By Alan Hall
*Note: This essay describes the work and research of the legendary econophysicist Dr. H. Eugene Stanley, keynote speaker of the 2016 Social Mood Conference. An extended form of this essay appeared in the February 2016 issue of The Socionomist.
Dr. H. Eugene Stanley is not your average physics professor. In 1973, Soviets in trench coats forcibly removed him from the podium at a scientific conference he was chairing in Moscow, took him to the top of the building and threatened to throw him out a window. Stanley had just announced his plan to allow attendees to hear the presentations of several Russian refusniks who had been barred from the conference. Despite “the worst scare of my life,” he ultimately led a group to the refusniks’ homes to hear their talks, and he later chaired an organization of US scientists that pressured the Soviets to stop persecuting them. His concern with fairness also manifests in his work toward correcting the underrepresentation of women in physics.
Dr. Stanley’s CV since he obtained his B.A. in physics at Wesleyan University in 1962 reads much as a diffusion-limited aggregation spreads, branching out from physics into a wide landscape of diverse fields. He holds concurrent positions of “Honorary Professor” at four international universities, nine Doctorates Honoris Causa, and he has earned innumerable honors for his interdisciplinary contributions to physics, chemistry, biology, biomedical engineering, physiology and polymer studies.
Dr. Stanley says he loves solving puzzles wherever he can find them, and that often means applying physics to other disciplines, such as economics. Collaboration is all-important because more perspectives are better for solving complex puzzles. Stanley coined the term, “Econophysics,” to describe the interdisciplinary application of statistical physics to the study of economics.
For example, when Tobias Preis, a complex systems scientist who presented at the 2013 Social Mood Conference, approached Dr. Stanley and suggested an econophysics project, Dr. Stanley was eager to collaborate. In their 2010 paper in the Journal of Statistical Physics, “Switching Phenomena in a System with No Switches,” one of their goals was to find out if there are general laws that describe market behavior near “switching points,” places where price trends change direction. They studied a time series of the German DAX Future stock market, “14 million transactions recorded with an incredible resolution of only 10 ms [milliseconds], which allows us to analyze in detail all microtrends occurring.” They used a statistical technique common in physics but seldom used in economics: they merged all the data and analyzed it simultaneously. To do so, they “renormalized” the data by simply assigning a time, ε=0 to the start of an uptrend and ε=1 to the end of an uptrend. They did the same for downtrends and found,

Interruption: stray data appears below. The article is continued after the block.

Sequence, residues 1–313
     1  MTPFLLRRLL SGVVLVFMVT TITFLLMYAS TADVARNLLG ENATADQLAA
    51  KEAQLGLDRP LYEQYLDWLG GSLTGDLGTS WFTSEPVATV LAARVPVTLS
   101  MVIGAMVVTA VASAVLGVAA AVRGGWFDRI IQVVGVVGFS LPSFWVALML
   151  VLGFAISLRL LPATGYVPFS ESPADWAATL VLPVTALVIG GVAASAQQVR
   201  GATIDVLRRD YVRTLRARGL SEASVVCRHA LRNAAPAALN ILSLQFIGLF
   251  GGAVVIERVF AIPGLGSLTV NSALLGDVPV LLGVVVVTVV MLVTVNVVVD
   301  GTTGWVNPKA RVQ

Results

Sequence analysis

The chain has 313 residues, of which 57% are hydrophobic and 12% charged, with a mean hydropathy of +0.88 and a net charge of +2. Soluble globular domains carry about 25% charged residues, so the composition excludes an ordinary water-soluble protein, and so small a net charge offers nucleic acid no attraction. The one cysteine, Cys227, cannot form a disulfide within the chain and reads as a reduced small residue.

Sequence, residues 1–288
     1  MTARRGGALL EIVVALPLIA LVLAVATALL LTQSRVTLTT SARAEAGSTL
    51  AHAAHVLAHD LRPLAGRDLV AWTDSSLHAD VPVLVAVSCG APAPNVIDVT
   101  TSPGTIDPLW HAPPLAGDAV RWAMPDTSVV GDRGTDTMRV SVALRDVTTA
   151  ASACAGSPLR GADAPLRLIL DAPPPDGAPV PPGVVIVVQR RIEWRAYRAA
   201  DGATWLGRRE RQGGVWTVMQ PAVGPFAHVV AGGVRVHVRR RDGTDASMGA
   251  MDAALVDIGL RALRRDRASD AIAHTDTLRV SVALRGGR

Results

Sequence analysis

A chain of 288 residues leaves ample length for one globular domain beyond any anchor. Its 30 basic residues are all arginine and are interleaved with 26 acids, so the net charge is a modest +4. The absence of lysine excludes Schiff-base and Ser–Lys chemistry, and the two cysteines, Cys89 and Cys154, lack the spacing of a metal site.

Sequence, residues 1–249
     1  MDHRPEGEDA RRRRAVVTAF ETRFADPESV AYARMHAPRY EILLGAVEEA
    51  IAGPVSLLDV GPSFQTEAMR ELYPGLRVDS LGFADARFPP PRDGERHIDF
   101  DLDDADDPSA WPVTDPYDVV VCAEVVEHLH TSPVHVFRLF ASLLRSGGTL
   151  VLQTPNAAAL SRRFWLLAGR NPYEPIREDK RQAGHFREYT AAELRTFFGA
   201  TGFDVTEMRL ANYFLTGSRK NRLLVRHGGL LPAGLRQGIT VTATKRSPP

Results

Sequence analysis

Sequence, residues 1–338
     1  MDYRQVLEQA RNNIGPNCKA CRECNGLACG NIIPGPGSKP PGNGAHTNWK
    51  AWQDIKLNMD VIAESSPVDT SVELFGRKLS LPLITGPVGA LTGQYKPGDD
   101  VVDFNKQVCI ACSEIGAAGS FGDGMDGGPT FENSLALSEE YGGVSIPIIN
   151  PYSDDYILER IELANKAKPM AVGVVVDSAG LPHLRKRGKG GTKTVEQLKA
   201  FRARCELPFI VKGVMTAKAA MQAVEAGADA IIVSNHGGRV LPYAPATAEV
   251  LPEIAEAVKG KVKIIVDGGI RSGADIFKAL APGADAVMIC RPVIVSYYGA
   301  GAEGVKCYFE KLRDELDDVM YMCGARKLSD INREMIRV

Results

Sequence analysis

[The] volume of each transaction increases dramatically as the end of a trend is reached … while the time interval between each transaction drops… . In other words, as prices start to rise or fall, stock is sold more frequently and in larger chunks. Traders become tense and panic because they are scared of missing a trend switch.
Drs. Stanley and Preis have collaborated on ten papers, so far.
We were honored to have Dr. H. Eugene Stanley as the keynote speaker for the 2016 Social Mood Conference.